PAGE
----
McLeansboro is a city in Hamilton County, United States. The population was 2,883 at the 2010 census; the estimated population as of 2016 was 2,743. It is the county seat of Hamilton County. McLeansboro is part of Illinois micropolitan area. McLeansboro is located at 38°5′35″N 88°32′10″W. According to the 2010 census, McLeansboro has a total area of 2.741 square miles, of which 2.61 square miles is land and 0.131 square miles is water. The city was named for an early settler; as of the census of 2000, there were 2,945 people, 1,265 households, 747 families residing in the city. The population density was 1,286.3 people per square mile. There were 1,444 housing units at an average density of 630.7/sq mi. The racial makeup of the city was 98.10% White, 0.78% African American, 0.03% Native American, 0.20% Asian, 0.03% Pacific Islander, 0.17% from other races, 0.68% from two or more races. Hispanic or Latino of any race were 0.37% of the population. There were 1,265 households out of which 26.0% had children under the age of 18 living with them, 44.6% were married couples living together, 11.1% had a female householder with no husband present, 40.9% were non-families.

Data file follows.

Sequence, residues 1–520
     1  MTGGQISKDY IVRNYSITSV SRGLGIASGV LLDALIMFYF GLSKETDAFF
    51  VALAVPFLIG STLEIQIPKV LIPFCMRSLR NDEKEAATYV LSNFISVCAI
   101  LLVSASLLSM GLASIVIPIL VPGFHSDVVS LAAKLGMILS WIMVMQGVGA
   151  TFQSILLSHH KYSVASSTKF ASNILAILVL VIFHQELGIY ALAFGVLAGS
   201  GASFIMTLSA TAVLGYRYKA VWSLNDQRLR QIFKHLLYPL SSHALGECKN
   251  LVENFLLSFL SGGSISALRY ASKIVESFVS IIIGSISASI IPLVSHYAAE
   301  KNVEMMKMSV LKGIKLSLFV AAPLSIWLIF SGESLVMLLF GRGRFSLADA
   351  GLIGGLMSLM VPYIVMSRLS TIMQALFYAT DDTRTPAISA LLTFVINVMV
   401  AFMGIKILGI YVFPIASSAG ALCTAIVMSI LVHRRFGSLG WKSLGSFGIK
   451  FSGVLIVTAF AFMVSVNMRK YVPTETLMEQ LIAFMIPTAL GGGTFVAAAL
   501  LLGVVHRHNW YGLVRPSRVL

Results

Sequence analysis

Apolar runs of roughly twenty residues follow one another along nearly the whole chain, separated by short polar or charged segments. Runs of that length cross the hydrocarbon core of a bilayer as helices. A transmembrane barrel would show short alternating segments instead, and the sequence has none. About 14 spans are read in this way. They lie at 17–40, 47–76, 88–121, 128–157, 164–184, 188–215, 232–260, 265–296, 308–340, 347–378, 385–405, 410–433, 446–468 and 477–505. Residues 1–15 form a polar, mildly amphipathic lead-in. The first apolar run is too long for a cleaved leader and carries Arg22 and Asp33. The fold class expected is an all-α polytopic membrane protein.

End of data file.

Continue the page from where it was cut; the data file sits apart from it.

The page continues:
38.4% of all households were made up of individuals and 23.9% had someone living alone, 65 years of age or older. The average household size was 2.19 and the average family size was 2.91. In the city, the population was spread out with 22.8% under the age of 18, 8.3% from 18 to 24, 22.7% from 25 to 44, 20.6% from 45 to 64, 25.7% who were 65 years of age or older. The median age was 42 years. For every 100 females there were 81.3 males. For every 100 females age 18 and over, there were 74.4 males. The median income for a household in the city was $22,183, the median income for a family was $35,296. Males had a median income of $35,114 versus $18,125 for females; the per capita income for the city was $15,354. About 11.9% of families and 19.7% of the population were below the poverty line, including 34.7% of those under age 18 and 8.6% of those age 65 or over. As of 2015, the median household income was reported at $36,717 and the median family income at $54,430. 18.9% of the population were living below the poverty line.